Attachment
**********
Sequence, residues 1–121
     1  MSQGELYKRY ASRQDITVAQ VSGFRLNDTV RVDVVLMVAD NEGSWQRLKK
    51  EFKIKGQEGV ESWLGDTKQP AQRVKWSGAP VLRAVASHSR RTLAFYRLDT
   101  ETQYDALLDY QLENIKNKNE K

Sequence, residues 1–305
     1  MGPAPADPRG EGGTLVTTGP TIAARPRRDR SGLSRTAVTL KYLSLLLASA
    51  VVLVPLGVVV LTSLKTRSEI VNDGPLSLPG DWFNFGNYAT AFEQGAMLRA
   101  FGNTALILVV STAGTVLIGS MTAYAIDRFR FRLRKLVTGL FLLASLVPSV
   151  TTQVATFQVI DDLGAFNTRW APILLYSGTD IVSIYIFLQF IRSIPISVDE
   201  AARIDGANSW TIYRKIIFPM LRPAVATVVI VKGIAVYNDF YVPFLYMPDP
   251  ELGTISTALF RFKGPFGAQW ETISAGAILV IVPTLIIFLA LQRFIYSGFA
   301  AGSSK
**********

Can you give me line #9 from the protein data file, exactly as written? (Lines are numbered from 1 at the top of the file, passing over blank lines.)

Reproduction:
   151  TTQVATFQVI DDLGAFNTRW APILLYSGTD IVSIYIFLQF IRSIPISVDE